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When we have a system with hamiltonian $H = H_{0} + V$, we can expand the ground state wavefunction $\Psi_{0}$ using the wavefunction of the non-interacting system $\phi_{0}$, that is an eigenfunction of $H_{0}$. In the Rayleigh-Schrodinger perturbation theory, we choose the normalization of $\Psi_{0}$ such that $\langle \phi_{0} | \Psi_{0} \rangle = 1$. My question is: How do we know that these wave functions are not orthogonal? In this case, this product would be zero. I read in the book "A Guide to Feynman Diagrams in the Many-Body Problem" that, when the interacting system has a different symmetry from the non-interacting system, we will have necessarily $\langle \Psi_{0} | \phi_{0} \rangle = 0$, but I don't know what means "have a different symmetry", and I also would like a explanation about when we can do this normalization.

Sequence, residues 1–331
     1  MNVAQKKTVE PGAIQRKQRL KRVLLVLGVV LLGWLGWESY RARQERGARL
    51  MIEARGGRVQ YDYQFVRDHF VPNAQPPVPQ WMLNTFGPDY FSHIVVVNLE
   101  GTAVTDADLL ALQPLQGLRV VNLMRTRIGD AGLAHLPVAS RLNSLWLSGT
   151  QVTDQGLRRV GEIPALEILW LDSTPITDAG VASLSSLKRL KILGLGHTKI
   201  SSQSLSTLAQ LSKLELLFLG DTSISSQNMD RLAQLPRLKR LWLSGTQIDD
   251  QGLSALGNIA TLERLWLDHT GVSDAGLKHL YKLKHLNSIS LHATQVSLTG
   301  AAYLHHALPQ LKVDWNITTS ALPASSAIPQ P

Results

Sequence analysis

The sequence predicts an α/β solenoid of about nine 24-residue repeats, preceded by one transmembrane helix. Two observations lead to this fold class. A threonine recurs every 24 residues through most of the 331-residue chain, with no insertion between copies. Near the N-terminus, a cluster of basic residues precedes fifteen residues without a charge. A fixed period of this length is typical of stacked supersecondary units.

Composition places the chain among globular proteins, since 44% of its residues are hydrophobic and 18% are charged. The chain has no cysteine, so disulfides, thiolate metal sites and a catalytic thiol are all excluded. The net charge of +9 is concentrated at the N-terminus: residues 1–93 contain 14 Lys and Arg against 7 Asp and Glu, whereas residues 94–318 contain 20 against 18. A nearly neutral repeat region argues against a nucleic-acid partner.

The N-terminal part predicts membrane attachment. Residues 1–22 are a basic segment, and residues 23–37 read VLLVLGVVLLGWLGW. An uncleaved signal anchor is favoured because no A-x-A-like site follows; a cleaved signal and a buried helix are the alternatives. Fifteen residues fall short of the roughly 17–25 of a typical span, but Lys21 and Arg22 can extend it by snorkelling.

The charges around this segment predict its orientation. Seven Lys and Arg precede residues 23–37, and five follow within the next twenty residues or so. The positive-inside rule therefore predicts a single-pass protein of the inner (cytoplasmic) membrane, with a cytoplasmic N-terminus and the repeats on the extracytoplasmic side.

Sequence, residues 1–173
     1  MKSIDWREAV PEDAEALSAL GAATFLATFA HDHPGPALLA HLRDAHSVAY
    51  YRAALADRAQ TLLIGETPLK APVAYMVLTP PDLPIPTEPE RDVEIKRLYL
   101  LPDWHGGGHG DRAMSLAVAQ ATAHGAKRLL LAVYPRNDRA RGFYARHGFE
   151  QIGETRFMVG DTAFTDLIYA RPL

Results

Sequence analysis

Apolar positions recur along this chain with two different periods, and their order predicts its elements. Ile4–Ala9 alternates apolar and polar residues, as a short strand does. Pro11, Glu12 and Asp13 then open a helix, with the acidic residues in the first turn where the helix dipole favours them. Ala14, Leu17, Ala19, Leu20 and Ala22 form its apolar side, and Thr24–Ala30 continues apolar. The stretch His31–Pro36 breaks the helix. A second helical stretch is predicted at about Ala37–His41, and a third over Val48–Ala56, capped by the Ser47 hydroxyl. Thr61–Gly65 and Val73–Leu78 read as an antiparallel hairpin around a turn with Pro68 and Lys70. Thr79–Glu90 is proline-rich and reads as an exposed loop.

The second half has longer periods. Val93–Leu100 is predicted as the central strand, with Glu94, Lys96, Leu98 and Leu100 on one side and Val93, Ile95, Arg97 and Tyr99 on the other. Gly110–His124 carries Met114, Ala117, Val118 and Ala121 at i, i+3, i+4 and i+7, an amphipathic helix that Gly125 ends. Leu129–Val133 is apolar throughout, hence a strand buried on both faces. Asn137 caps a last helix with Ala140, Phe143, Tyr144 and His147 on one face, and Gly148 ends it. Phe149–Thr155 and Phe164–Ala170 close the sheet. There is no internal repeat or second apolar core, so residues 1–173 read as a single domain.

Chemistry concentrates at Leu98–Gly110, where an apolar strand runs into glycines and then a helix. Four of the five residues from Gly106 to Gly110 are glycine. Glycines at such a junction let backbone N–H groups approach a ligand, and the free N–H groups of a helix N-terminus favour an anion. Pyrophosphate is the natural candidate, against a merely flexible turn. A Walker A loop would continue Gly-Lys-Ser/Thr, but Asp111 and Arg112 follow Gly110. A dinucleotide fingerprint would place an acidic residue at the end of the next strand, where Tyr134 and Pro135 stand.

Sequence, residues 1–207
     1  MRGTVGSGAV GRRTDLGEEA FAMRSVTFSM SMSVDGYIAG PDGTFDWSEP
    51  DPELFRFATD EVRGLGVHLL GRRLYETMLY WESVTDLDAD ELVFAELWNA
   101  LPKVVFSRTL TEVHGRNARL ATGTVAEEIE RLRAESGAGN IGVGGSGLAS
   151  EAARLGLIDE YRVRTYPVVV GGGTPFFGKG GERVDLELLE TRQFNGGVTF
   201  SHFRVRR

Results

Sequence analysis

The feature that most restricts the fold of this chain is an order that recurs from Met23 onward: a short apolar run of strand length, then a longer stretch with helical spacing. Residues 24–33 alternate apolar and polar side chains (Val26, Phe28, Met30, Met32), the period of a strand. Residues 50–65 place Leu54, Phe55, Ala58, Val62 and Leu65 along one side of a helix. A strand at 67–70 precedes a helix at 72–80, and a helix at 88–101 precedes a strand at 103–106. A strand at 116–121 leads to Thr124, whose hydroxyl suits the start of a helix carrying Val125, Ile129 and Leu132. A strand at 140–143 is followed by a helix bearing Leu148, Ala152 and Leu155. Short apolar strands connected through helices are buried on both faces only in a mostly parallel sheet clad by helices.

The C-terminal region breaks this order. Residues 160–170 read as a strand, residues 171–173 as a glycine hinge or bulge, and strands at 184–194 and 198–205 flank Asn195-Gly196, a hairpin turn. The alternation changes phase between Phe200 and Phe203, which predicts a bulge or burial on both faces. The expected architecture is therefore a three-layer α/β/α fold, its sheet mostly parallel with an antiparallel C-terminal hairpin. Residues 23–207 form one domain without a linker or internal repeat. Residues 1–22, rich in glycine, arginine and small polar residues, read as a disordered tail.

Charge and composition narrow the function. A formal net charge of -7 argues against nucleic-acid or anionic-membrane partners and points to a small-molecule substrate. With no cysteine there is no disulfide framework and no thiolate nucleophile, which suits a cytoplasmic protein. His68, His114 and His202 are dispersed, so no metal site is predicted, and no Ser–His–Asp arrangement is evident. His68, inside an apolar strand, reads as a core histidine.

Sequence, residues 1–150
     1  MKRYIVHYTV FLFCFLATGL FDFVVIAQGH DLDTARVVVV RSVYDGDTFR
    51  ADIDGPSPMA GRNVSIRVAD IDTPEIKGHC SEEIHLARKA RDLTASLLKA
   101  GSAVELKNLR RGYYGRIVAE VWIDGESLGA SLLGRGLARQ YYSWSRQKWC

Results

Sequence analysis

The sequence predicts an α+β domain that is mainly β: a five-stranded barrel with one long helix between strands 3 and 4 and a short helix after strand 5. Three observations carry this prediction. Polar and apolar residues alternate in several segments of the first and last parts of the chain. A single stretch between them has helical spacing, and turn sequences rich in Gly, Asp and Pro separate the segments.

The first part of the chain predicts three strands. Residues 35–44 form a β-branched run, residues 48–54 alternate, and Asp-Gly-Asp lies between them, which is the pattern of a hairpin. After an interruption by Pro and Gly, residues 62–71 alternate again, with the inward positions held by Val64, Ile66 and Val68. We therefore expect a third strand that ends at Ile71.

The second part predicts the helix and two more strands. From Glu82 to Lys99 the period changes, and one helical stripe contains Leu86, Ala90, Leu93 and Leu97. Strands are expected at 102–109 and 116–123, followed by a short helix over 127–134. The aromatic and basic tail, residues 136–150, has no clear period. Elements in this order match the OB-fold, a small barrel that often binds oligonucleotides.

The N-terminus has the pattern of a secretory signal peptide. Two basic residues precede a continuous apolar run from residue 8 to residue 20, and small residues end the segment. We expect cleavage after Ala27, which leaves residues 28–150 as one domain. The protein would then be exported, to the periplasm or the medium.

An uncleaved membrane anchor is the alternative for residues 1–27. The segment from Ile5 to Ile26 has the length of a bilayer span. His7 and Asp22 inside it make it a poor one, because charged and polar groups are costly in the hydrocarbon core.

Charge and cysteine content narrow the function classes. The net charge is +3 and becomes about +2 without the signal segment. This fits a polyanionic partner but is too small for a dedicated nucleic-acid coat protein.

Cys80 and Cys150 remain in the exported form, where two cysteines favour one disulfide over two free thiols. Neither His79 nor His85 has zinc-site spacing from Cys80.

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It’s built in the physics of the perturbation approach. Perturbation theory makes sense when the dominant term to the exact ground state is the unperturbed ground state, else it is not a perturbation. More to the point, one expects that the largest overlap $\vert \langle \Psi_0\vert \phi_k\rangle\vert$ occurs for $k=0$. if this is NOT the case, it’s no longer a perturbation of the system described by $H_0$.

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This is a "how-to-make-my-QM-textbook-mathematically-rigorous" question. I usually refer these to Kato's Perturbation Theory for Linear Operators.
For "reasonable" $H$ and $V$ it can be shown that $H+\lambda V$ has an eigenfunction $\Psi(\lambda)$ that varies smoothly with $\lambda$ for "small" $\lambda$.
Whether $\langle \Psi(0) \Psi(\lambda) \rangle \ne 0$ for $\lambda \in [0,1]$ depends on properties of $H$ and $V$.

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